This piece is of particular interest because in seeming contradiction to some opinions recently expressed in a CAP Today article regarding the NIFTP reclassification,  these authors state that it’s the physician’s” professional duty to make a sincere and reasonable effort to convey (the) information to the affected patients.”

In the aforementioned piece in CAP Today, an online publication of the College of American Pathologists, noted thyroid pathologist Virginia Livolsi stated that she would not go back and review her past cases of EFVPTC that would now likely be reclassified as NIFTP, a non-cancer.  One of the reasons given was that of differences in techniques for sampling encapsulated tumors.  The diagnostic criteria for NIFTP requires that the entire tumor capsule be submitted by the pathologist.  According to Virginia Livolsi, “older literature” called for the examination of ten sections of a nodule as opposed to the entire capsule.  However, her reasoning seems to be contradicted by Gerard Doherty, surgeon and professor at Boston University, earlier in the same CAP Today article.  According to Doherty, “I think expert pathologists have been examining the entire capsule for some time. That’s not to say it’s been universally done…”

Another of Livolsi’s apparent  objections to reviewing past cases of EFVPTC is her belief that a NIFTP diagnosis cannot be retroactive on principle.  With regard to a case of EFVPTC for which her  patient had requested a review, Livolsi states: “I have refused to revise the diagnosis, and I have refused to look back at the slides. That case was signed out in 2012. In 2012, that was the diagnosis.”  Doherty agrees with her in the article, stating, “We don’t see any clinical reason to go back and tell patients that a group of people has suggested we change the name of a low-risk disease they already knew they had. It doesn’t change clinical management at all. Changing the name doesn’t change the follow-up.”

However, the new article in Thyroid opines that with regard to NIFTP: “… the prudent course would be to attend to the requirements of medical ethics.”  In the opinion of the Mt. Sinai team, pathologists are therefore ethically obligated to review cases and contact patients about a  change in diagnosis.  The justification for the widespread adoption of this policy is that a cancer diagnosis causes “clinically significant” stress and also creates financial burdens for patients.  Perhaps most important of all is the primacy of a patient’s basic legal right to information about their own condition.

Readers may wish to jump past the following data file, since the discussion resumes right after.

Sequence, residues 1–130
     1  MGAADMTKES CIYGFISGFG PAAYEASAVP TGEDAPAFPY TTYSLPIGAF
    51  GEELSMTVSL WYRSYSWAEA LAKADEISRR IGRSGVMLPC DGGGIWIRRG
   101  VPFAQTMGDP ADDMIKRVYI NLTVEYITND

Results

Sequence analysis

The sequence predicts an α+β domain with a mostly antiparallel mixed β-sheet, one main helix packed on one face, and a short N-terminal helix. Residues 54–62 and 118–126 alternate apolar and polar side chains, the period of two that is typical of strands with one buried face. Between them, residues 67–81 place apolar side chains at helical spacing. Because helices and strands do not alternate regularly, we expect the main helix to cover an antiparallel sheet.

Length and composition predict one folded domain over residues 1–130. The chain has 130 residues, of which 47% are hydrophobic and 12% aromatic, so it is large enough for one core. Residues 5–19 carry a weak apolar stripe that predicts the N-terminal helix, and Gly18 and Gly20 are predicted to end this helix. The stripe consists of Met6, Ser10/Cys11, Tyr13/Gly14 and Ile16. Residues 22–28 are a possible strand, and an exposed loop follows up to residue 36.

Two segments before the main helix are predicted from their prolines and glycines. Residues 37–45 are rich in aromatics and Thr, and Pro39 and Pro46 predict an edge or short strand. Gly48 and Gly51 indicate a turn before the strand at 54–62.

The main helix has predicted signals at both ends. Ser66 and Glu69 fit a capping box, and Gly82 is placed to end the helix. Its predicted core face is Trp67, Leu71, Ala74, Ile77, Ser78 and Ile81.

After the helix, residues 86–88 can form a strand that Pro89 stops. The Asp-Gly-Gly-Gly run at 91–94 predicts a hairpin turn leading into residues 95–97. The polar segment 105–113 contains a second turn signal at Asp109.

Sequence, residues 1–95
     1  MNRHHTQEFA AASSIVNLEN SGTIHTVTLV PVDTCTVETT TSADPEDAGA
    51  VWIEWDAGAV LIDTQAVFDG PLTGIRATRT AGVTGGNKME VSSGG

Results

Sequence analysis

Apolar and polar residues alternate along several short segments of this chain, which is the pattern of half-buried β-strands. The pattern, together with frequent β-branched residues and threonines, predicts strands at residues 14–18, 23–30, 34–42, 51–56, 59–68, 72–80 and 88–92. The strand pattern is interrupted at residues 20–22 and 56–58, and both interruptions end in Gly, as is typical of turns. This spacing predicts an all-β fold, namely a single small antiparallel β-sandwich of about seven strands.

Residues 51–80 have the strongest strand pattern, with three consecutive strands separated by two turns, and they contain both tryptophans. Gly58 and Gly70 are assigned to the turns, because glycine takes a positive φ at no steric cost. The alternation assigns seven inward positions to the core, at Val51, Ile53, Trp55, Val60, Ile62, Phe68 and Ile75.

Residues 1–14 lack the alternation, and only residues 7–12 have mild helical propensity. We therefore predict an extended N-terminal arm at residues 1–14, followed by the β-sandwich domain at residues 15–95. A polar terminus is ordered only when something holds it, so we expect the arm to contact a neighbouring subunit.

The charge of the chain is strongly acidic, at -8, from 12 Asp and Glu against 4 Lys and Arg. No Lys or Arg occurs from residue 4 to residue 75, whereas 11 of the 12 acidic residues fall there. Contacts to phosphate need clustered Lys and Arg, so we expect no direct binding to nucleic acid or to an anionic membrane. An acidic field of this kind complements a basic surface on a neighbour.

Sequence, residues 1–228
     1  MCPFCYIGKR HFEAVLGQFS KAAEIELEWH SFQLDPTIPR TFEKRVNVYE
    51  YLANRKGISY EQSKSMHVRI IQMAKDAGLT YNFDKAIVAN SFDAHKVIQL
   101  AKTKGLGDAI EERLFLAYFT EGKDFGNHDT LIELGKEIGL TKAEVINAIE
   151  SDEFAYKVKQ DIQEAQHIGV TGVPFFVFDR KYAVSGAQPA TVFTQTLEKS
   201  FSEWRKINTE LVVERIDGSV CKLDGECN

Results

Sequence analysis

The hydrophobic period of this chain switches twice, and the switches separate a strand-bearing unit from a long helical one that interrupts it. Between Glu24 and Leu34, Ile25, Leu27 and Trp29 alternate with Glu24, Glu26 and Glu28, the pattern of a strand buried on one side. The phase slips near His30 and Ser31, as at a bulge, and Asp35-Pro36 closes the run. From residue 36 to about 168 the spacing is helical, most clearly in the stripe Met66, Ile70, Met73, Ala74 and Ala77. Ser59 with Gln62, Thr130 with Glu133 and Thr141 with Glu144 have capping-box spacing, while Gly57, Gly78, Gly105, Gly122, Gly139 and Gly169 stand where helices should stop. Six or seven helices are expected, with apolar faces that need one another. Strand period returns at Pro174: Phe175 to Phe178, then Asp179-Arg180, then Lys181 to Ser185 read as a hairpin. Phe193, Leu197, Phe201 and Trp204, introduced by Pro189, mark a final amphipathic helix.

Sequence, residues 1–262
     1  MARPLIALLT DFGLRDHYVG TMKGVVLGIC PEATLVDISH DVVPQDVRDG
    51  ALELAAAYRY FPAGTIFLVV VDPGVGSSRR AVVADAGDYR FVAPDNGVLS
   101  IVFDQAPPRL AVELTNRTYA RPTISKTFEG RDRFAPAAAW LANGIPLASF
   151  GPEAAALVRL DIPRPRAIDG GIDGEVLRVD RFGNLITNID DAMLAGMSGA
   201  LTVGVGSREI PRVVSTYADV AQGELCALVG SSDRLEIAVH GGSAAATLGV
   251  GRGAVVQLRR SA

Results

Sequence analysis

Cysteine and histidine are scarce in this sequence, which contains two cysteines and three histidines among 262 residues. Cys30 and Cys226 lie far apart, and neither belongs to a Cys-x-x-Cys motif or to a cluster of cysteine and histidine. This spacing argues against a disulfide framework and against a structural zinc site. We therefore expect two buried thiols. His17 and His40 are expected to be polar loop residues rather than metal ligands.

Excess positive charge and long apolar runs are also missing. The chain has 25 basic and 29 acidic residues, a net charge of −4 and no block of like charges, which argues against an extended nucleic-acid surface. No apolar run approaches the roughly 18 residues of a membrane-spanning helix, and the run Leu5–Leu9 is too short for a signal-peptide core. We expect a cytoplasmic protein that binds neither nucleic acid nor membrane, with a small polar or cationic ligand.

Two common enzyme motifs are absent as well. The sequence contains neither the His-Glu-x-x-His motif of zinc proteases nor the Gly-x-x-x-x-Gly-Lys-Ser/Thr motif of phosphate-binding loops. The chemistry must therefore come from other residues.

Famed Thyroid Pathologist Refuses to Review Possible NIFTP Cases

An article recently appeared in CAP Today,  a publication of the College of American Pathologists about NIFTP, which is a revised designation for a type of thyroid cancer.  Non-invasive encapsulated follicular variant (N-EFVPTC) was reclassified as being nonmalignant, a change which will likely significantly reduce the number of thyroid cancer cases which are diagnosed yearly in the USA and worldwide.

The article gives the views of several well-known pathologists and clinicians about the impact of the reclassification.  Surprisingly, although the reclassification has been touted as being especially beneficial because of its potential to reduce psychological harms to patients, the article suggests that many pathologists and clinicians do not see any reason to inform the thousands of individuals who have already received the N-EFVPTC diagnosis that their “cancer” has been reclassified.

The well-regarded thyroid pathologist and opinion leader, Virginia Livolsi, of the University of Pennsylvania goes so far as to belittle thyroid cancer patients who read the New York Times article about the NIFTP reclassification.  She states:

“They want their tumor from two years ago to be reviewed, which is totally inappropriate”…” Two years ago, the entity and the name did not exist. Patients were treated at the time according to the standards of the time”… “I feel strongly that research results—that’s what these are—do not belong in a patient’s medical record. To go back on the basis of somebody reading something in The New York Times? That’s wrong”.

Ironically, Virginia Livolsi is also quoted in the CAP Today article as having been impressed by a presentation given by Guy Maytal, of Harvard University during the course of the study which resulted in the nomenclature revision for NIFTP.  Dr. Maytal spoke about the psychological impact of a cancer diagnosis. According to the article:

Dr. LiVolsi called Dr. Maytal’s talk “absolutely amazing.”

What could be behind the apparent reluctance of Virginia Livolsi and some other pathologists and clinicians to review past cases of N-EFVPTC and therefore remove the stigma of a cancer diagnosis for these patients?

Keep reading this blog for a future article on this topic.